The crisis action team contains campuswide representatives from numerous MSU departments, and Kibler said each situation dictates who is called in for an event. During Saturday’s emergency, Kibler said representatives from MSU’s police department, president’s office, housing department, student affairs division, information technology department and academic affairs were present at the command center. A housing official was also at Evans Hall, and another official was posted at OCH Regional Medical Center, Kibler said. Officials remained at the crisis center through 3:30 a.m. Sunday.
Kibler said he authorized the use of MSU’s Maroon Alert emergency notification system at 10:23 p.m. The system includes emergency status updates on the school’s website; instant messages, text messages and emails to university students and employees; Twitter and Facebook posts; and announcements on WMSV, the MSU campus radio station.
“We have directed considerable time and resources toward creating and fine-tuning response plans that can be activated quickly in an emergency. Those protocols worked well this past weekend, and the Maroon Alert system was a key component in that response,” MSU President Mark Keenum said. “The (MSU) Crisis Action Team initiated these alerts, which enabled us to communicate directly with students, faculty and staff as events unfolded. The CAT uses a comprehensive array of resources to provide information in a crisis, including the social media and our MSU website, but none is more important than the capability provided through our Maroon Alert channels to get the word out.”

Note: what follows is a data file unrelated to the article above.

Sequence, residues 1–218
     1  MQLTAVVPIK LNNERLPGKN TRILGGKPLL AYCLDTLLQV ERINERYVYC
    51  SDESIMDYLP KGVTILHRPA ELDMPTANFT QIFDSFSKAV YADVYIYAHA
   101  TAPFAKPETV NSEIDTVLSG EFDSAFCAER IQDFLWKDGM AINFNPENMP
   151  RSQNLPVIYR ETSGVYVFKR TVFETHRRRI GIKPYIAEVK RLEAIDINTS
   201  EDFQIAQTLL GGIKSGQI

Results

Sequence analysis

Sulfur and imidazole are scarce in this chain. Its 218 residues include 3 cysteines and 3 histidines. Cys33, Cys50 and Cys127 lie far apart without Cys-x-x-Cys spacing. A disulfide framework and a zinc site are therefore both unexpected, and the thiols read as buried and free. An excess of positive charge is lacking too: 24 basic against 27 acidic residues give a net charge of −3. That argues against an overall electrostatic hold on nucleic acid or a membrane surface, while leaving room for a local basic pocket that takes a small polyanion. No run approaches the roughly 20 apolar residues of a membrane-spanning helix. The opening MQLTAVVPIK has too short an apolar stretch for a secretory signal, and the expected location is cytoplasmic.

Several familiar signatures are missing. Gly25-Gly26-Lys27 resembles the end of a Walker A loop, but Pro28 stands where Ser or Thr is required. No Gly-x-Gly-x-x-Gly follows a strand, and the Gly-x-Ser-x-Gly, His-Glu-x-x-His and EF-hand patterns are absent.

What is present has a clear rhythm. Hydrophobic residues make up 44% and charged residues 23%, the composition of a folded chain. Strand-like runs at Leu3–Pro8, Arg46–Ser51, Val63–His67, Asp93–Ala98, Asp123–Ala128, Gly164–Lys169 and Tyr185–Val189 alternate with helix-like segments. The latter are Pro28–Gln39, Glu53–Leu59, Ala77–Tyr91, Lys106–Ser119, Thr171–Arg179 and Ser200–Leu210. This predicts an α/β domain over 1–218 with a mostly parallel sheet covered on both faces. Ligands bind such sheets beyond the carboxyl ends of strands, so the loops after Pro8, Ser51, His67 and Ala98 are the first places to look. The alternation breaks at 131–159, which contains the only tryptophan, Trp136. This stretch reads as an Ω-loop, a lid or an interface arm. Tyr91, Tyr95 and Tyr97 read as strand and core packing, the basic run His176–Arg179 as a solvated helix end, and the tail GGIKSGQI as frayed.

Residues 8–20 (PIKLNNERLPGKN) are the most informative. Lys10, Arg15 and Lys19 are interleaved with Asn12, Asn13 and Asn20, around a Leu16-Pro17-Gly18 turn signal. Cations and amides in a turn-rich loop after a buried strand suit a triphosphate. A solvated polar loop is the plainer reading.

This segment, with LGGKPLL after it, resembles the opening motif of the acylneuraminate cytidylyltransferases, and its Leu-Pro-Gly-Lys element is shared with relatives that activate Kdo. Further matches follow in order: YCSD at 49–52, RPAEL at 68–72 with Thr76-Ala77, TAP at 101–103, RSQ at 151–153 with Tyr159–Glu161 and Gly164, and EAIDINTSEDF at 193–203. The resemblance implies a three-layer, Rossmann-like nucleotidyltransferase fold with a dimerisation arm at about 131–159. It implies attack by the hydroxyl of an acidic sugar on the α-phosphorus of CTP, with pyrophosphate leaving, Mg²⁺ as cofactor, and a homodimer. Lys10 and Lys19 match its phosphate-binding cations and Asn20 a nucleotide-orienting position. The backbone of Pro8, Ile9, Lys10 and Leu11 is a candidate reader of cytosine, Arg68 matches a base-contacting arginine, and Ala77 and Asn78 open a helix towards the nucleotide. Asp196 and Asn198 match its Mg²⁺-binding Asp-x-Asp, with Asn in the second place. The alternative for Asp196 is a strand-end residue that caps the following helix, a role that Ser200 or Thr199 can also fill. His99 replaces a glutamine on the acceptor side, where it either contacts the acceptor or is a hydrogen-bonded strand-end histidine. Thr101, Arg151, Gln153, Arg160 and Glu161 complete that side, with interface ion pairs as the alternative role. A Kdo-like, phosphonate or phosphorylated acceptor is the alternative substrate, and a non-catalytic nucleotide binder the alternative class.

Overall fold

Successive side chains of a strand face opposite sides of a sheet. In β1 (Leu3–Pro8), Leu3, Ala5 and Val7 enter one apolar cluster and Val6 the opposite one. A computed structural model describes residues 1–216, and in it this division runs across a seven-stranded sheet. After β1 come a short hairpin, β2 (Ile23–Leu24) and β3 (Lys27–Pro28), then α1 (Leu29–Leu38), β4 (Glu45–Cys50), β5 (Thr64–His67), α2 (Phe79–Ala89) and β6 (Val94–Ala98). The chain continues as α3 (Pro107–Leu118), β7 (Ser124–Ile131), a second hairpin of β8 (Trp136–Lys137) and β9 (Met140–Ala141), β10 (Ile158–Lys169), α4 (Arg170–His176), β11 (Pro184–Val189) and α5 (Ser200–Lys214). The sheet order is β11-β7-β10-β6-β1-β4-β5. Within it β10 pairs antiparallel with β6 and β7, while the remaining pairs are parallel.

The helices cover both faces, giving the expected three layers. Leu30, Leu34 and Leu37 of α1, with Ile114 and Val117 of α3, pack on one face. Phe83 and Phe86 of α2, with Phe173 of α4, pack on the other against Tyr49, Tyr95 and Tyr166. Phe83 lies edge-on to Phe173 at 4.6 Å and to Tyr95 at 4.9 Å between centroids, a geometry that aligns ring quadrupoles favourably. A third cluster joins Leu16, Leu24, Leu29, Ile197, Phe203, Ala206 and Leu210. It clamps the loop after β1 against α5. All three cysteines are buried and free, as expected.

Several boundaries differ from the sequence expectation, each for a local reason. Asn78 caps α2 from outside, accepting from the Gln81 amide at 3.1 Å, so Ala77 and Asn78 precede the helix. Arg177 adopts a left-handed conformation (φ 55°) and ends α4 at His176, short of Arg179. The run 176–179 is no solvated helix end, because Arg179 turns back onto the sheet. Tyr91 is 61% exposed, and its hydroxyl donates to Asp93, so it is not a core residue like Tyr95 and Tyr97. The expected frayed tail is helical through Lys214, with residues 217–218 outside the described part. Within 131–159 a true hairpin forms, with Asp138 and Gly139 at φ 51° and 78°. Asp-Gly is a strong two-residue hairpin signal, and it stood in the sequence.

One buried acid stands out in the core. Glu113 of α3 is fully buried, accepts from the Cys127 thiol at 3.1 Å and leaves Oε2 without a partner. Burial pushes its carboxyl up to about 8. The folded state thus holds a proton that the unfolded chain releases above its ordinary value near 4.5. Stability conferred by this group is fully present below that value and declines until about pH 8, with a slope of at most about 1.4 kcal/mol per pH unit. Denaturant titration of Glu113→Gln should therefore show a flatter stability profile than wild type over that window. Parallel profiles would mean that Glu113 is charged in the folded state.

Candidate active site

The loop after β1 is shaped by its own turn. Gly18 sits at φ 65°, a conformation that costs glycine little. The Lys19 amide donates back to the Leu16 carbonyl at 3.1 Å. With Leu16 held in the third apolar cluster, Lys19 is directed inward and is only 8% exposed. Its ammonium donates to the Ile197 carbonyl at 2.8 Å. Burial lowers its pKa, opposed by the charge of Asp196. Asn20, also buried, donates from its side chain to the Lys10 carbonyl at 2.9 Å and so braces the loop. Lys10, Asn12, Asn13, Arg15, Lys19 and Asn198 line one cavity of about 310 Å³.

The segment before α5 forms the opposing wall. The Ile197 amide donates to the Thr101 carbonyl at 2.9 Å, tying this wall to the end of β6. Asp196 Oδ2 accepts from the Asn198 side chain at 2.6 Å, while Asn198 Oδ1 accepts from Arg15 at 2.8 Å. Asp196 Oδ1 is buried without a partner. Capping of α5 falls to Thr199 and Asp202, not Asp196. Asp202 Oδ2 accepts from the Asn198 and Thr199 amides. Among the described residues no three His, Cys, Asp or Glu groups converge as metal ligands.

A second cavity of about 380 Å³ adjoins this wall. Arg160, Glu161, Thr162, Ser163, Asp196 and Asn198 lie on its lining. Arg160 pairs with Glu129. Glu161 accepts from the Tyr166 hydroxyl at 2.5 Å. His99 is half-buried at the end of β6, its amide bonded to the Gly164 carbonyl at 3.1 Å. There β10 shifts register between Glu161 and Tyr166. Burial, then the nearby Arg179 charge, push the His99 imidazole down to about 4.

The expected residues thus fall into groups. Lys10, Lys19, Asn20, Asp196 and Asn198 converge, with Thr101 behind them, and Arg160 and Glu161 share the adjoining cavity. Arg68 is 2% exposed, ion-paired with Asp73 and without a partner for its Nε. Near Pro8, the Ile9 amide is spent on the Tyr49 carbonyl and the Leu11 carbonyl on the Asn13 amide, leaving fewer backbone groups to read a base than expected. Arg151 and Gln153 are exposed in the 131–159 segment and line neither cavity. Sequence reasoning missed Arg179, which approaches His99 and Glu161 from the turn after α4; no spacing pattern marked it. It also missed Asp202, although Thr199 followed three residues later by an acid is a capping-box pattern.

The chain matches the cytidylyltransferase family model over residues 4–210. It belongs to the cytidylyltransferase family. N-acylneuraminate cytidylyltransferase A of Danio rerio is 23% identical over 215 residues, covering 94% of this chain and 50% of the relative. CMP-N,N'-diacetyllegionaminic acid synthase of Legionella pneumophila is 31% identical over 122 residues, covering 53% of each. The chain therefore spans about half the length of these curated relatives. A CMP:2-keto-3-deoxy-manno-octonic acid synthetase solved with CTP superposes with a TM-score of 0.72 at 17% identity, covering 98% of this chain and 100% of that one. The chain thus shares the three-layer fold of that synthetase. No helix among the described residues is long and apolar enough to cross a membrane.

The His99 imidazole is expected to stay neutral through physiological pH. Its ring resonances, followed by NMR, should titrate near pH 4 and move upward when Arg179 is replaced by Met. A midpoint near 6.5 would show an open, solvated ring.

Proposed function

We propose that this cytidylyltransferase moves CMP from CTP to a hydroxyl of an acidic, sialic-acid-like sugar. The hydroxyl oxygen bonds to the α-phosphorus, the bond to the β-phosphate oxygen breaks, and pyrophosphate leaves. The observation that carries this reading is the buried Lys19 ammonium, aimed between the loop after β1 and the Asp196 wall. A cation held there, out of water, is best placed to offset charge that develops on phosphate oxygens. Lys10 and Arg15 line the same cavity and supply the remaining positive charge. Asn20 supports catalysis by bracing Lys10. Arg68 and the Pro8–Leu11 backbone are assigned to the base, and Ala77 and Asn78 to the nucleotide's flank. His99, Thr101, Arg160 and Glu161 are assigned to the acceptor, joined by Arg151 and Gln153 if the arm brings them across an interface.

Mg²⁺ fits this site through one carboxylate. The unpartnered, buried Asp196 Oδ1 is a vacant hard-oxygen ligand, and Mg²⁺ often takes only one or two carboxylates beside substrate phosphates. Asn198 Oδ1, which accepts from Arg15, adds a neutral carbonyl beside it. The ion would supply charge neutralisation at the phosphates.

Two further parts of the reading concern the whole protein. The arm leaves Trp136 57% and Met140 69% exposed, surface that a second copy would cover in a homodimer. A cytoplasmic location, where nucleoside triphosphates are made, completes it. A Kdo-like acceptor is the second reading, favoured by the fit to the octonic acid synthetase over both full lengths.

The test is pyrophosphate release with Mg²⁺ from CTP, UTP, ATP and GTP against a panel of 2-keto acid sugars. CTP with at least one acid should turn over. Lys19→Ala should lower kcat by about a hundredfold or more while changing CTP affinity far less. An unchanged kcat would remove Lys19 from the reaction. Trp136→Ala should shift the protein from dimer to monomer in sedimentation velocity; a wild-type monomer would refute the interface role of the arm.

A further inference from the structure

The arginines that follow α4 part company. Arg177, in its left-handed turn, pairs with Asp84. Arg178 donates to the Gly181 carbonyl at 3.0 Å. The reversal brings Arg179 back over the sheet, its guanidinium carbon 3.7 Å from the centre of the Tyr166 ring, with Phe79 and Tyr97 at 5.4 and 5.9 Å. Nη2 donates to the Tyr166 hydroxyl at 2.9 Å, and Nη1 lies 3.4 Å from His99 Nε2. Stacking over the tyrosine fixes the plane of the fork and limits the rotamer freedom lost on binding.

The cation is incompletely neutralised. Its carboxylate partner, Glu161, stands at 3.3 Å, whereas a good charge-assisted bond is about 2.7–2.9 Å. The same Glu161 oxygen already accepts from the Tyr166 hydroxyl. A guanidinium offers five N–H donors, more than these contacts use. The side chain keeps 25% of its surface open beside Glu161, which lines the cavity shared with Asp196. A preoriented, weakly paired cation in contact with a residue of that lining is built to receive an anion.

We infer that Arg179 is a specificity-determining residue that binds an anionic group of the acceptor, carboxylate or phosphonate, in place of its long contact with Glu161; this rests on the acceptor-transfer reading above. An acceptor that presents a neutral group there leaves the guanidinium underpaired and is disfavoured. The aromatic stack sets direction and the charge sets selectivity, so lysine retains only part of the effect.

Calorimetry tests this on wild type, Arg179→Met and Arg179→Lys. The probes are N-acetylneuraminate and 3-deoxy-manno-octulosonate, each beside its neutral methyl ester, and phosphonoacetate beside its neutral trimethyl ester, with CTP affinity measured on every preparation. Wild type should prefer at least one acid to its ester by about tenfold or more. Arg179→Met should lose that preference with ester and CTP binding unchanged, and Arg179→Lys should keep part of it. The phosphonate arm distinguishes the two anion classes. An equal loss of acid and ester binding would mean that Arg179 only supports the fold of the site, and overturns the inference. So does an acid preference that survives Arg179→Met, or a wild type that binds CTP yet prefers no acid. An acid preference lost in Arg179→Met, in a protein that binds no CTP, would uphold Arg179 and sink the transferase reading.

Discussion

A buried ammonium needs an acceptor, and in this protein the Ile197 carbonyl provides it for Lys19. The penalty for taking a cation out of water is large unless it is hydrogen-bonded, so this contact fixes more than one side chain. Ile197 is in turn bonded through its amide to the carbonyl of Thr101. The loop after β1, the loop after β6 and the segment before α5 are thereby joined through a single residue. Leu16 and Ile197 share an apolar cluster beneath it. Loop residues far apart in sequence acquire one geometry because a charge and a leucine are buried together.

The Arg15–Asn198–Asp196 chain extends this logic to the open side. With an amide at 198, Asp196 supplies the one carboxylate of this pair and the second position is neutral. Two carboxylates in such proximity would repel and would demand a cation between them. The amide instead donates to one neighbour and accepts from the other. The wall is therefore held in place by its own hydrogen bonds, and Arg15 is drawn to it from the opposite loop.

The first Maroon Alert alert was sent four minutes after authorization and announced a shooting or stabbing had occurred at Evans Hall.
“(The initial report) was based on what we knew then, which was a student had been shot or stabbed — that wasn’t clear at the time — and it appeared to be a very serious injury,” Kibler said. “We were able to gather our information, compose the message and push the button quickly.”
MSU’s website was updated with a yellow emergency banner which alerted visitors to minute-by-minute updates as they were learned by university officials. Besides normal operating conditions — green — and emergencies, Bourgeois said the website also displays advisory messages with a blue banner when the appropriate time calls. Bourgeois said the color code system only uses blue and yellow in special circumstances to clearly inform the public.